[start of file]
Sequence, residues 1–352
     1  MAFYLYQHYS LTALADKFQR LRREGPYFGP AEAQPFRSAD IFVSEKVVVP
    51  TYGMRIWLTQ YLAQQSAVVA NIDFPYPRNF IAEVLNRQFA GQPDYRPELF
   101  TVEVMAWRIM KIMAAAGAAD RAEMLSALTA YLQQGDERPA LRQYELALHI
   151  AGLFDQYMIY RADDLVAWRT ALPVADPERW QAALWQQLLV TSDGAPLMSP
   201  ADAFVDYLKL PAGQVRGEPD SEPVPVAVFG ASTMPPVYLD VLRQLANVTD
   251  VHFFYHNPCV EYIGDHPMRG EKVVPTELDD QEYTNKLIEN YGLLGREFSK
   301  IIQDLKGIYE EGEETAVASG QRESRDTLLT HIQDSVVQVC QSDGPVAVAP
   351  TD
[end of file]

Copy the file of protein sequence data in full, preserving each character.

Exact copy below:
Sequence, residues 1–352
     1  MAFYLYQHYS LTALADKFQR LRREGPYFGP AEAQPFRSAD IFVSEKVVVP
    51  TYGMRIWLTQ YLAQQSAVVA NIDFPYPRNF IAEVLNRQFA GQPDYRPELF
   101  TVEVMAWRIM KIMAAAGAAD RAEMLSALTA YLQQGDERPA LRQYELALHI
   151  AGLFDQYMIY RADDLVAWRT ALPVADPERW QAALWQQLLV TSDGAPLMSP
   201  ADAFVDYLKL PAGQVRGEPD SEPVPVAVFG ASTMPPVYLD VLRQLANVTD
   251  VHFFYHNPCV EYIGDHPMRG EKVVPTELDD QEYTNKLIEN YGLLGREFSK
   301  IIQDLKGIYE EGEETAVASG QRESRDTLLT HIQDSVVQVC QSDGPVAVAP
   351  TD